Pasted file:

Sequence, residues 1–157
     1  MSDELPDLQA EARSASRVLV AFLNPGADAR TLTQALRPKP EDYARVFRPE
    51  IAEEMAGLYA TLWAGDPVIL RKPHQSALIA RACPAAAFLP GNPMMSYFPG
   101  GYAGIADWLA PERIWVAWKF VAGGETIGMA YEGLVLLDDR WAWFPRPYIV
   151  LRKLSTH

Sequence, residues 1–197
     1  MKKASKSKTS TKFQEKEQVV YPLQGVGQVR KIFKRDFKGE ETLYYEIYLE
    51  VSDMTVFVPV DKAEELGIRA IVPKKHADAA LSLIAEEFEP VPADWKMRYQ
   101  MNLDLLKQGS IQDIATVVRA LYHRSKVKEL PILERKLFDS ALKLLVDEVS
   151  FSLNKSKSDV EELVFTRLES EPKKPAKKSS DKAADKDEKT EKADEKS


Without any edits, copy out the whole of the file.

Sequence, residues 1–157
     1  MSDELPDLQA EARSASRVLV AFLNPGADAR TLTQALRPKP EDYARVFRPE
    51  IAEEMAGLYA TLWAGDPVIL RKPHQSALIA RACPAAAFLP GNPMMSYFPG
   101  GYAGIADWLA PERIWVAWKF VAGGETIGMA YEGLVLLDDR WAWFPRPYIV
   151  LRKLSTH

Sequence, residues 1–197
     1  MKKASKSKTS TKFQEKEQVV YPLQGVGQVR KIFKRDFKGE ETLYYEIYLE
    51  VSDMTVFVPV DKAEELGIRA IVPKKHADAA LSLIAEEFEP VPADWKMRYQ
   101  MNLDLLKQGS IQDIATVVRA LYHRSKVKEL PILERKLFDS ALKLLVDEVS
   151  FSLNKSKSDV EELVFTRLES EPKKPAKKSS DKAADKDEKT EKADEKS